Fostering a healthy sense of mind, body, spirit
Published: Sunday, January 26, 2003 at 6:01 a.m.
Last Modified: Saturday, January 25, 2003 at 11:39 p.m.
I read with interest Joe Cirulli's column (Jan. 19) questioning the YMCA's charitable status.
Cirulli expressed his concern that YMCAs are "building health clubs in affluent areas and ignoring the population that truly needs our service."
It's unfortunate that there exists among for-profit fitness clubs such a great misunderstanding about the mission, vision and values of the YMCAs.
The legal test for being a charity is not that you serve the so-called "poor." It's that you are open to everyone, that you do not turn away any child or family because of inability to pay.
Private fitness clubs, such as Gainesville Health & Fitness Centers, are open only to those who can afford to pay membership fees. YMCAs are open to all, regardless of ability to pay.
The objectors to the YMCA presume that those who are better off should not be helped or served by a YMCA.
Examples abound from wealthier communities where YMCAs are significantly beneficial: providing safe alternatives with healthful, demonstrated values for teens, providing physical therapy and companionship for seniors, swimming and aquatic safety lessons for everyone and youth programming or summer camp even for those who live in a big house but embrace the values that YMCAs instill in all that we do.
Many churches, hospitals, colleges and universities, theaters and museums are recognized as charitable organizations, and they are available to the affluent and non-affluent alike.
The YMCA is no different and at the North Central Florida YMCA we earn our charitable status every single day.
And at every YMCA, excess income is not "profit," since it does not profit individuals, business owners or stockholders but goes back to the community in the form of services.
The North Central Florida YMCA's mission is to build healthy spirit, mind and body for all in our community.
We do this through youth sports, youth after school and summer camp programming, programs for teens, wellness programs for adults, adult sports, family activities, active older adult programs and more.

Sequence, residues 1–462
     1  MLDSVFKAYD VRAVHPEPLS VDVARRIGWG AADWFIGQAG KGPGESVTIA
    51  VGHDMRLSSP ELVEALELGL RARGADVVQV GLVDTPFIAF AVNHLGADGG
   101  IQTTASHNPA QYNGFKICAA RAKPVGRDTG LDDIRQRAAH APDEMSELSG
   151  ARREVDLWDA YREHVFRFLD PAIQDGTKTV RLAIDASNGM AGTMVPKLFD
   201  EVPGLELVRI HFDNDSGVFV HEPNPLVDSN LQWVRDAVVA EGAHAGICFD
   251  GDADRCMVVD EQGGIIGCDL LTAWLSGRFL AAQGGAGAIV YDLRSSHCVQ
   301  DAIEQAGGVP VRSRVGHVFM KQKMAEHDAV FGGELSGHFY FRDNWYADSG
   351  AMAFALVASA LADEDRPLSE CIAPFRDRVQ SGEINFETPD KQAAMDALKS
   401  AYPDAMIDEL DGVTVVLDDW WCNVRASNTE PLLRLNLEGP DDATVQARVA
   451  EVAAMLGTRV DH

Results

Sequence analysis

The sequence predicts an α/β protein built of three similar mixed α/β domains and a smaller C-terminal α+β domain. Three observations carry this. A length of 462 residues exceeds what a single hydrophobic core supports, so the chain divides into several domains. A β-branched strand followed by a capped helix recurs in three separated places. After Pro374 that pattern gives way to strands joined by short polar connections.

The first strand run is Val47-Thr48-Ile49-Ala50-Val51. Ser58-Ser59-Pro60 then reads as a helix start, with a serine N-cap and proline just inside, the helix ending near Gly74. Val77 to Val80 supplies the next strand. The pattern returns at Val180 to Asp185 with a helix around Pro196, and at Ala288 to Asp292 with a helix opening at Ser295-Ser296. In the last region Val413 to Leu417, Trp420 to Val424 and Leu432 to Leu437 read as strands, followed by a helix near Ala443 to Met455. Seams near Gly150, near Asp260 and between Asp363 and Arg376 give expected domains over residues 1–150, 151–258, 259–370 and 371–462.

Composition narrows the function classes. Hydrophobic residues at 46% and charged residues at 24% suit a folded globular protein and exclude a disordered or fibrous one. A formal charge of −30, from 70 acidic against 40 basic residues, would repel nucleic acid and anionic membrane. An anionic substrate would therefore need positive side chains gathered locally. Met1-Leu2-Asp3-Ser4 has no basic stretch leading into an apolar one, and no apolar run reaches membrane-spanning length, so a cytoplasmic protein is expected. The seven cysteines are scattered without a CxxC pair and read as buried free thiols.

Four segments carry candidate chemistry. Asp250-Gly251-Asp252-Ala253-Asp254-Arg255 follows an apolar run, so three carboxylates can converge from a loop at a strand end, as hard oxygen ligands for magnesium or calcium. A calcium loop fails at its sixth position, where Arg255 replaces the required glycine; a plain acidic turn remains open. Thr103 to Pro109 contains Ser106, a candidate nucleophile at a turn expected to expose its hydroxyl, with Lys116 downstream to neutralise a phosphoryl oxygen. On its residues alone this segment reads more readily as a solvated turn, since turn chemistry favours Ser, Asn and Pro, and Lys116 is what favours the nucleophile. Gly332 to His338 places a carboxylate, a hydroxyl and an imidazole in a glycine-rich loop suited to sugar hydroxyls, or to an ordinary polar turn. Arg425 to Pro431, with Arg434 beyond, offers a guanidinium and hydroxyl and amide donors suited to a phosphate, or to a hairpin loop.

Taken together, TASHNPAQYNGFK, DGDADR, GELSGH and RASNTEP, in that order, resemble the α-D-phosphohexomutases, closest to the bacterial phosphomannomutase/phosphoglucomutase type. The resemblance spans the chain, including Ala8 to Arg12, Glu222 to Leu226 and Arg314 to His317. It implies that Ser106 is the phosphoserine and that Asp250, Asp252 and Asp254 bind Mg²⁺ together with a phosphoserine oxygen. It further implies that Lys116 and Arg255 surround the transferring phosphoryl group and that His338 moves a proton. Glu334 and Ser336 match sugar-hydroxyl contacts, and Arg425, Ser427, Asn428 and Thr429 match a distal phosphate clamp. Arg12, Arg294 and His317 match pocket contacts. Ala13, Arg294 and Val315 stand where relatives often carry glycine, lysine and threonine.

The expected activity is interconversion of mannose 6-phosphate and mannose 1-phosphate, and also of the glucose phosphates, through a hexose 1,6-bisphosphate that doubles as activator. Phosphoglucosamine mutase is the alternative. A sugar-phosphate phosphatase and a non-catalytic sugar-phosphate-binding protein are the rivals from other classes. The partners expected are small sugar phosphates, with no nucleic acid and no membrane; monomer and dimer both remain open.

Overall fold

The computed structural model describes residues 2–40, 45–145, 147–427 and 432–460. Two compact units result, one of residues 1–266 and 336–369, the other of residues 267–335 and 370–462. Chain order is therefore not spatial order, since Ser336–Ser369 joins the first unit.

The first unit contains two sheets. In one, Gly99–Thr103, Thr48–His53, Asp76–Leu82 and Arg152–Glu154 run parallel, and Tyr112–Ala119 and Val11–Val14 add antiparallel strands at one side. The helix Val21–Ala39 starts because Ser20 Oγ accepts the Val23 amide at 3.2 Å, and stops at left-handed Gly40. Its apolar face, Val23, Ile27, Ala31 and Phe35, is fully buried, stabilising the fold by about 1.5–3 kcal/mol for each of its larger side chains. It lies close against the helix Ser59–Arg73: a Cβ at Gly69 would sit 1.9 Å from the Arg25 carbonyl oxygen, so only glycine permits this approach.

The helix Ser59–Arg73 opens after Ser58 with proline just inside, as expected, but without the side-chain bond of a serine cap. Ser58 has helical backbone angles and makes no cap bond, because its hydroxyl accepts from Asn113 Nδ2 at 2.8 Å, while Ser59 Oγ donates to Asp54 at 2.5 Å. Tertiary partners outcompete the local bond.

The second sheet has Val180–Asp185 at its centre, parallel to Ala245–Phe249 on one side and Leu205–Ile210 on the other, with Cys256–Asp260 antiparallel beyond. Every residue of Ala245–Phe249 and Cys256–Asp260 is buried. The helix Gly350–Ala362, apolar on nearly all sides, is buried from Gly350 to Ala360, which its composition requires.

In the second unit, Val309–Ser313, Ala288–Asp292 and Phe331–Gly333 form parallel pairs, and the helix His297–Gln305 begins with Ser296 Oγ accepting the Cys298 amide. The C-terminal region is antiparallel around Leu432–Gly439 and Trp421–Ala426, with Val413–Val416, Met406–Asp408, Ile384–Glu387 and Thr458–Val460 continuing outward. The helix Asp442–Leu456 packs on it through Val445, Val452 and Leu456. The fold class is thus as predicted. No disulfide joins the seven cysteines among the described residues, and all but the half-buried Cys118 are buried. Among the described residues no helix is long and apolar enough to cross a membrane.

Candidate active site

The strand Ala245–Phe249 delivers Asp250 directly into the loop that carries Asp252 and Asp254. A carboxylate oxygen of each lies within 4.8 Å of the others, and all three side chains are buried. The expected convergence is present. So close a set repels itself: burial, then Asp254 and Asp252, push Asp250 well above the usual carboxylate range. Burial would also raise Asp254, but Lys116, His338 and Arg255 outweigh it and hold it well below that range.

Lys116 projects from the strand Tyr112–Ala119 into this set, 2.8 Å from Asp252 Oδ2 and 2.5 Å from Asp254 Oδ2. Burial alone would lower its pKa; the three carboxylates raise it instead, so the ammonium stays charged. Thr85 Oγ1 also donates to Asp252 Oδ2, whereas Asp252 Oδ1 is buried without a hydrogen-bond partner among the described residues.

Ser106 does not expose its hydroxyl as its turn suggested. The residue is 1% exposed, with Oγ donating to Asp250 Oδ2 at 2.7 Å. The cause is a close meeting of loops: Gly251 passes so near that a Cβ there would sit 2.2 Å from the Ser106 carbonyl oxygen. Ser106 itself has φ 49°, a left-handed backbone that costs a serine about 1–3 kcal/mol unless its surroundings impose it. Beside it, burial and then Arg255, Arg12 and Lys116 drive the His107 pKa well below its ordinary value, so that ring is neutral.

We currently provide programming and services in northwest, southwest and northeast Gainesville, Lake City, Williston, Bronson, Chiefland, High Springs and Jasper. We are much, much more than a "health club."
In fact, though fitness is clearly a charitable undertaking when available to all, of our nine service centers, only one-tenth of one location is assigned to traditional fitness activities such as weights, treadmills, aerobics, etc. Clearly, we aren't even in the same business.
Further, in pursuit of our mission we offer many programs to the community at reduced rates or no charge at all.
In 2002 alone, the Y subsidized more than $400,000 worth of programs for our community including: aquatics programs for the Association of Retarded Citizens, EyeSite for students (free eye exams & glasses), Boys & Girls Club aquatics programs. Our McGurn Branch in northeast Gainesville serves as an Elder Care meal site.
Neighborhood Watch meetings are held at our branches. We sponsor Halloween at the Y, Senior Thanksgiving and Christmas dinners, programming for children with disabilities from Sydney Lanier School, meeting sites for Girl Scouts, Teen leadership development programs and much more.
In 2002, the North Central Florida YMCA generated revenues of $3.5 million, $655,000 of that amount contributed by donors. These funds came from individuals, foundations, other charities and government.
And that's a strong sign that they consider the North Central Florida YMCA a charitable enterprise, proving we are not only eligible but also worthy of our not for profit status.
Finally, it is clear that in our community there are ample service opportunities for YMCAs and fitness clubs.
If private fitness clubs, like GHFC, are interested in a mission that transcends putting profits into their pockets and those of their stockholders, they can meet with us on the significant challenges that face young people and seniors today - such as the enormous physical challenges of children like obesity, diabetes and other problems - and join us in addressing such important issues as diversity, disabilities and generational disconnection.
We address all of these and more, every day, at the North Central Florida YMCA with programs and services that make us unique and valuable to our community.
Doug Brown is president of the Board of Directors of the North Central Florida YMCA.
Reader comments posted to this article may be published in our print edition. All rights reserved. This copyrighted material may not be re-published without permission. Links are encouraged.
Comments are currently unavailable on this article